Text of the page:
This information is not meant to replace the advice of a medical professional and should not be interpreted as a clinical practice guideline. Statements or opinions expressed in this document reflect the views of the contributors and do not reflect the official policy of ACRM, unless otherwise noted. Always consult your health care provider about your specific health condition. This Information/Education Page may be reproduced for noncommercial use for health care professionals and other service providers to share with their patients or clients. Any other reproduction is subject to approval by the publisher.


        1. COVID-19 (coronavirus): Long-term effects. Mayo Foundation for Medical Education and Research (MFMER) Available at: Accessed December 23, 2022.

        2. Zanwar, Preeti, One Health and Averting the Next Pandemic: Concept, Origin, Evolution, and Challenges. Available at SSRN: or Accessed December 23, 2022.

        3. People with disabilities. National Center on Birth Defects and Developmental Disabilities.
          Centers for Disease Control and Prevention, 2022 (Reviewed July 20 Accessed at) (Accessed December 23, 2022)
        4. COVID-19 Vaccines. U.S. Food & Drug Administration. Available at: Accessed December 23, 2022.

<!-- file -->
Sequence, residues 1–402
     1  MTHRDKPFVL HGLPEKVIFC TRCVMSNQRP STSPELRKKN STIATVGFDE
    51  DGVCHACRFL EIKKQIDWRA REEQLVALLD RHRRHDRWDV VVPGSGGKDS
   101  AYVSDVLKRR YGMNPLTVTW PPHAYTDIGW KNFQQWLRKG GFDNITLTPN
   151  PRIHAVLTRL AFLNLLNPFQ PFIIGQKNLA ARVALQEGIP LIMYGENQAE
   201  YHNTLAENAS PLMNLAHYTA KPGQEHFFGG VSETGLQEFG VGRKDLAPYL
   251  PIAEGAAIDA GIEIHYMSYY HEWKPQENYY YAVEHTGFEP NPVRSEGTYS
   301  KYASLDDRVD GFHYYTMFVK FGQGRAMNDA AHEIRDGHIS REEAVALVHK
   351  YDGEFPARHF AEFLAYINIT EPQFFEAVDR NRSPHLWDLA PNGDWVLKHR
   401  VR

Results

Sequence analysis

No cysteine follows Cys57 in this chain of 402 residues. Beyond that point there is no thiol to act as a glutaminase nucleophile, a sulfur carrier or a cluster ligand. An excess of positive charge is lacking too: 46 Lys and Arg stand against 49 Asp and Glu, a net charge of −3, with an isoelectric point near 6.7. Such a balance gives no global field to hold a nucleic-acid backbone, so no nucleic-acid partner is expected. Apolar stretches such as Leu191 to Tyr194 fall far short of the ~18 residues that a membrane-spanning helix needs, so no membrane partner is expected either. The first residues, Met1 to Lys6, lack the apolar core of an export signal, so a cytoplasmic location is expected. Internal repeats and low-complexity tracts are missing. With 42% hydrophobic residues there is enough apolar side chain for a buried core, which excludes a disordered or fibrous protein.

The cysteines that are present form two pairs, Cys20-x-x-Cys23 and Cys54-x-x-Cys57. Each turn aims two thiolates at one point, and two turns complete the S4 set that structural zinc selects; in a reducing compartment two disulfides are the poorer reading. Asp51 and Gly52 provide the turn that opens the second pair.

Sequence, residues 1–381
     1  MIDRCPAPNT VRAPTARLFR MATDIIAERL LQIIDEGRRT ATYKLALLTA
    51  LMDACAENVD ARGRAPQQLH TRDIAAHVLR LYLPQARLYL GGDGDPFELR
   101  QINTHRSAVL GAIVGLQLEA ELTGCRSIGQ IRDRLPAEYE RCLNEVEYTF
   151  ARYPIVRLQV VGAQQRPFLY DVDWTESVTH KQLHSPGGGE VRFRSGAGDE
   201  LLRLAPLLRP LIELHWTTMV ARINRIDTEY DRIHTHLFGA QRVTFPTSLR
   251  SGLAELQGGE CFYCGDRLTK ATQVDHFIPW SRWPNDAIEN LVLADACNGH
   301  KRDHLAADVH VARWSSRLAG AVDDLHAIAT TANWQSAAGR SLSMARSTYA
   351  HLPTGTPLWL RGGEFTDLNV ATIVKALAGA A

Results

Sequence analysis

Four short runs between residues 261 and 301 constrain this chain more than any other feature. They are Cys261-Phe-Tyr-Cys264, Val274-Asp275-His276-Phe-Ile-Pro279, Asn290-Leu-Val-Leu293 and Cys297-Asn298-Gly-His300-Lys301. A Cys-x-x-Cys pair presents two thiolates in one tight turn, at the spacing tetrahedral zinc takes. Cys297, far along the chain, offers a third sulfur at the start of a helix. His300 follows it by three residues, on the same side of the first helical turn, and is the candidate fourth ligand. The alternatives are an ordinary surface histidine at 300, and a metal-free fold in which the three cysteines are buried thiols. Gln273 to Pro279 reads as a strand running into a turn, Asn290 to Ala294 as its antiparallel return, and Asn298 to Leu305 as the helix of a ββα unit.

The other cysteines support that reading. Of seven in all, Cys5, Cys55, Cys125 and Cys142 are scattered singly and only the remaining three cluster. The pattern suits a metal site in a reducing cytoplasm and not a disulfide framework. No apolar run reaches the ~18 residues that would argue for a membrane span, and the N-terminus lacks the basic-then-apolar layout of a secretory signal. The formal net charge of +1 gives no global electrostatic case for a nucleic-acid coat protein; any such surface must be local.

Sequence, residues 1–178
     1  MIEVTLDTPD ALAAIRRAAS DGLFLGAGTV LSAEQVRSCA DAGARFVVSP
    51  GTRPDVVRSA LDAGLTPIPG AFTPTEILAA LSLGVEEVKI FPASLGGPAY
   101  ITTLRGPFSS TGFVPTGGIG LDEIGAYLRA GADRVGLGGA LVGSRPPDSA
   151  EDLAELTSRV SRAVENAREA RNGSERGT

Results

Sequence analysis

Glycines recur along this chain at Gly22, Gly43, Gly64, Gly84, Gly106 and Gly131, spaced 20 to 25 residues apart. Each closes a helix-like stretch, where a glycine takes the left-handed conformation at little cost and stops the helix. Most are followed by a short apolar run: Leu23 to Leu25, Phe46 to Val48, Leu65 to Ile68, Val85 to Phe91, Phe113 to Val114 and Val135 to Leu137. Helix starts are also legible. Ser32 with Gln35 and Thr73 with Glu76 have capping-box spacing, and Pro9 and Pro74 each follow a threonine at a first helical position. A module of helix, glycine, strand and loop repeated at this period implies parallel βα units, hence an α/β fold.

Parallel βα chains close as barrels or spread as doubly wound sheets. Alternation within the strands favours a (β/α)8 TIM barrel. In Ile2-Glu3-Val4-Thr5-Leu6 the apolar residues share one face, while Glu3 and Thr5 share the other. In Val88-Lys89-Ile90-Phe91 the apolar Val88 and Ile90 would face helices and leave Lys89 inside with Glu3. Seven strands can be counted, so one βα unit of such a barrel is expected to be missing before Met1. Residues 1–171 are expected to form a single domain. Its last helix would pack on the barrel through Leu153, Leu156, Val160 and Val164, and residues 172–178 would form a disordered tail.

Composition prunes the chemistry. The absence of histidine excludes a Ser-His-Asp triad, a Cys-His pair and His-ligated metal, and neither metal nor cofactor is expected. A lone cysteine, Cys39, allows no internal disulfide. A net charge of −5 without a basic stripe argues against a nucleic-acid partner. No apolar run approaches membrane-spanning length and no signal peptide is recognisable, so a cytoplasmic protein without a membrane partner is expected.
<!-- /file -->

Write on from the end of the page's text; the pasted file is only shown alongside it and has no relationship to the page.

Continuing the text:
5. Understanding mRNA COVID-19 vaccines. Vaccines and immunization. National Center for Immunization and Respiratory Diseases (NCIRD), Division of Viral Diseases.
          Center for Disease Control, 2022 (Available at:) (Accessed December 23, 2022)
        6. Rates of COVID-19 Cases and Deaths by Vaccination Status. COVID Data Tracker.
          Centers for Disease Control & Prevention, 2022 (Available at:) (Accessed December 23, 2022)
        7. How do death rates from COVID-19 differ between people who are vaccinated and those who are not? Our world in data. Available at:∼All+ages. Accessed December 23, 2022.

        8. COVID-19 Vaccines for Children and Teens.
          Centers for Disease Control and Prevention, 2022 (Available at:) (Accessed December 23, 2022)
        9. Rates of laboratory-confirmed COVID-19 hospitalizations by vaccination status. COVID Data Tracker.
          Centers for Disease Control & Prevention, 2022 (Available at) (Accessed December 23, 2022)
        10. COVID-19 Vaccines While Pregnant or Breastfeeding.
          Centers for Disease Control and Prevention, 2022 (Available at:) (Accessed December 23, 2022)